*This carpet is hand-knotted. Differences in shape, thickness, pattern and sizes can occur.
|Size in feet ||5'2" x 4'5"|
|Size in meters||1.57 x 1.34|
|Pile (Fiber & Yarns Used)||100% Pure Lamb's Wool|
|Type of fabrication||Hand-knotted with Turkish knots (Ghiordes)|
|Country Made In||Afghanistan (South-Central Asia)|
|Condition||Excellent (Brand New)|
|Available In Other Sizes||Yes, upon special request|
**Each carpet is of the highest quality in its category & is carefully handpicked overseas by a member of the Bashir family. A Brief History of Tibetan Carpets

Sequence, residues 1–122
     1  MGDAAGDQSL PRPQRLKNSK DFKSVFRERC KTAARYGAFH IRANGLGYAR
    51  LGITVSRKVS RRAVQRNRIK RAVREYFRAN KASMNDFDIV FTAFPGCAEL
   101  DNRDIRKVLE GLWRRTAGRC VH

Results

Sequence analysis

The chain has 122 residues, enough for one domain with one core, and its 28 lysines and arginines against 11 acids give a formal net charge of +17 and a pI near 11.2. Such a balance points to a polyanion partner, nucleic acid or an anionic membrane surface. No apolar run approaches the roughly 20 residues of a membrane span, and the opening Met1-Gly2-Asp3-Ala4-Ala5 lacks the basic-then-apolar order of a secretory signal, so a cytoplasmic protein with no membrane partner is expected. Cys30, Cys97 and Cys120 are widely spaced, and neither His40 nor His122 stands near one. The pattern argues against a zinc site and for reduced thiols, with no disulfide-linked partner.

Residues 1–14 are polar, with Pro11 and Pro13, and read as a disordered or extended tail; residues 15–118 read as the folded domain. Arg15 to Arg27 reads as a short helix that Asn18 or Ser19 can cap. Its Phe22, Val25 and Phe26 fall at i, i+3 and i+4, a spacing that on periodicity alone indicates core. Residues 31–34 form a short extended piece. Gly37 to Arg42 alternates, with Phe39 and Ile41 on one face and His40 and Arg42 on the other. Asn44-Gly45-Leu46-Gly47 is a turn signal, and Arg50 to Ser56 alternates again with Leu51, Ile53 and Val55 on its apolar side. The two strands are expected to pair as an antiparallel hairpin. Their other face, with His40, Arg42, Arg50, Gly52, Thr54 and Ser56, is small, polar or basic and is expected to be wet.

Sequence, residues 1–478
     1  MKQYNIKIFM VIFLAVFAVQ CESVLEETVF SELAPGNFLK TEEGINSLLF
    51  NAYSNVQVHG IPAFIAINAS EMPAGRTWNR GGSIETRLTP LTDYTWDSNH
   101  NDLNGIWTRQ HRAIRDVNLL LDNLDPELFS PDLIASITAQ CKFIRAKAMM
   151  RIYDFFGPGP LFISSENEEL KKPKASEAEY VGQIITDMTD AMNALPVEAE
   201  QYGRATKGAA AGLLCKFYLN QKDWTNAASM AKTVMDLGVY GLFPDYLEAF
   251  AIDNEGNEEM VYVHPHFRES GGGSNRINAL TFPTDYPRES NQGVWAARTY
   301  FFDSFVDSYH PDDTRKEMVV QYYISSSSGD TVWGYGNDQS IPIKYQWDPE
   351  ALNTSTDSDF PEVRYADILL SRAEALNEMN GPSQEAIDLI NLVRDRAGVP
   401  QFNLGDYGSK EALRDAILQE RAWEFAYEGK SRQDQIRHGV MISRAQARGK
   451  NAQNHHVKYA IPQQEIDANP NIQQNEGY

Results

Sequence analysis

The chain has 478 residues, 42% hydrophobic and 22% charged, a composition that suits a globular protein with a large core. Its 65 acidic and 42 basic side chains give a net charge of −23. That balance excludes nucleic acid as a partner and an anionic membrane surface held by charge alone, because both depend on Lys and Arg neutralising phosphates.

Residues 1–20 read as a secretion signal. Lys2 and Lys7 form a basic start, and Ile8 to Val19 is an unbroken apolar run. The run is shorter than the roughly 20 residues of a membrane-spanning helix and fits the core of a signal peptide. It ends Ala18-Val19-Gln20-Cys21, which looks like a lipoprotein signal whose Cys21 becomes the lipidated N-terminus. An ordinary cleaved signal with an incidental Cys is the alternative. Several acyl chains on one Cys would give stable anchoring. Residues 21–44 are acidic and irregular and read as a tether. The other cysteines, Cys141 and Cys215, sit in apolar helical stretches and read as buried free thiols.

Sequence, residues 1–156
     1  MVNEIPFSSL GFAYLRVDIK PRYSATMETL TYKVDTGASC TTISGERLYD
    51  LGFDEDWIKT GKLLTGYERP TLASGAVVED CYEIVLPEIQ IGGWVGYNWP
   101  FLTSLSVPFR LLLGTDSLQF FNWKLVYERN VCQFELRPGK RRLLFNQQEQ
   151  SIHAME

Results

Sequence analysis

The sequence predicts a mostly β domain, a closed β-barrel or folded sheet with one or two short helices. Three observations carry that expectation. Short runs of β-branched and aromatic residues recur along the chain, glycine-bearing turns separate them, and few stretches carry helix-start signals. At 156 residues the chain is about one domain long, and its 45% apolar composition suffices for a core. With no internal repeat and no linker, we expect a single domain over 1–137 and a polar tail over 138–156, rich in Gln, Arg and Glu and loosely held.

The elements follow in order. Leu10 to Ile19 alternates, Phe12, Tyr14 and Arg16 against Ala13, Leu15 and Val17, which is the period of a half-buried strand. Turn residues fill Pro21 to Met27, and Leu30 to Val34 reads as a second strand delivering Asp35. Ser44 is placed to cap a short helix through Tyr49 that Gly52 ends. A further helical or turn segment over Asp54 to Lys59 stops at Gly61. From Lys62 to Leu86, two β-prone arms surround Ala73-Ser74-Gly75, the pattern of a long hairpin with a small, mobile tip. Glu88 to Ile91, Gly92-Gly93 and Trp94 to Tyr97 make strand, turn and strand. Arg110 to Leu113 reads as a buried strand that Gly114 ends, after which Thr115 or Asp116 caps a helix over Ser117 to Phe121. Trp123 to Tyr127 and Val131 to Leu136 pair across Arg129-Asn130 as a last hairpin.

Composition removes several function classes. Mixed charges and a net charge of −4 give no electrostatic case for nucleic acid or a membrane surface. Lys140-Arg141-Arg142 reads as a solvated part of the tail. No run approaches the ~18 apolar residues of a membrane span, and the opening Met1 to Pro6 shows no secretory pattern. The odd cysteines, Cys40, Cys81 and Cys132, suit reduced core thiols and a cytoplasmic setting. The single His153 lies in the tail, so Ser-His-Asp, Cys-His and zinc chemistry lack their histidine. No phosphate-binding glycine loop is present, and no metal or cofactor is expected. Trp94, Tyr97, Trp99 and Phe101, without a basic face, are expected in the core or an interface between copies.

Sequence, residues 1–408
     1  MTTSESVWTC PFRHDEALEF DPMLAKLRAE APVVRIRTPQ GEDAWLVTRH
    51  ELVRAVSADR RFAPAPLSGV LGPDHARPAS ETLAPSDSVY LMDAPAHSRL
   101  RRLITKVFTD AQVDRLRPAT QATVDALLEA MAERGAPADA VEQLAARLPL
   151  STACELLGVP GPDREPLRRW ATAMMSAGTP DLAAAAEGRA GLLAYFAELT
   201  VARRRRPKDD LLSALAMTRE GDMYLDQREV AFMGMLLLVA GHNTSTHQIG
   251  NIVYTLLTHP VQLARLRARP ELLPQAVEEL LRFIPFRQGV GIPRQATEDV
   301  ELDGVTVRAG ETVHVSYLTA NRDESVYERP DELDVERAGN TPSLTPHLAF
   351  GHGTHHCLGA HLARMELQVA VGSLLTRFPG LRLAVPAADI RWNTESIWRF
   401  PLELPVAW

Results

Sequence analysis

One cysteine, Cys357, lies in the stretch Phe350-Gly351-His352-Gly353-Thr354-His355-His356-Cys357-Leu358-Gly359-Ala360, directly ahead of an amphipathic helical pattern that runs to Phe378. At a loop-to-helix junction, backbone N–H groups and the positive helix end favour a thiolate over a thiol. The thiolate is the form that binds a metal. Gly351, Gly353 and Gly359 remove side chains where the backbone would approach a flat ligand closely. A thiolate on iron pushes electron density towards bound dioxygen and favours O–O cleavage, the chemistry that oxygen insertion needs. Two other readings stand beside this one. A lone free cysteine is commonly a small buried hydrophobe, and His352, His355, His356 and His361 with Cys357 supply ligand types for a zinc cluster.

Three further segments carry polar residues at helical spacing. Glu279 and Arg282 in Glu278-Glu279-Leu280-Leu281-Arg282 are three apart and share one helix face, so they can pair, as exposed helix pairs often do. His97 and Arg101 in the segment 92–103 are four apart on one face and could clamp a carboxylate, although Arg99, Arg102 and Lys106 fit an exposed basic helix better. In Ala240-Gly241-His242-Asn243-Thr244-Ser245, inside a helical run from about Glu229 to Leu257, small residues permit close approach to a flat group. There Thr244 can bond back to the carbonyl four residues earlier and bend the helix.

In all probability the history of weaving pile rugs in Tibet stretches back some nine hundred-odd years but there are few surviving examples dating from before the end of the nineteenth century. The main distinguishing feature of all Tibetan rugs is the use of the cut-loop technique (curiously also found in Finland), which can encompass anything from two to five warp threads. Another characteristic is the thickness of the pile which can be as much as two centimeters (three-quarters of an inch). Rugs are usually, but not always, backed and bordered by a red cloth. The designs are strongly influenced by Chinese and East Turkestan carpets, drawing heavily on Chinese iconography by often incorporating cranes, bats, lions, vases with flowers and dragons, sometimes paired with phoenixes. The borders are usually decorated with swastikas, T-shapes or naturalistically drawn flowers. A vibrant colour palette is very typical. Ground colours tend to be blue, black, red and orange and occasionally yellow and ivory. Tiger rugs, such as the example shown, are a very distinctive Tibetan design and are popular in Europe and America. Today carpet production in Tibet is limited, but the tradition is continued by refugees based in Nepal and India, who often weave carpets specifically for the western market.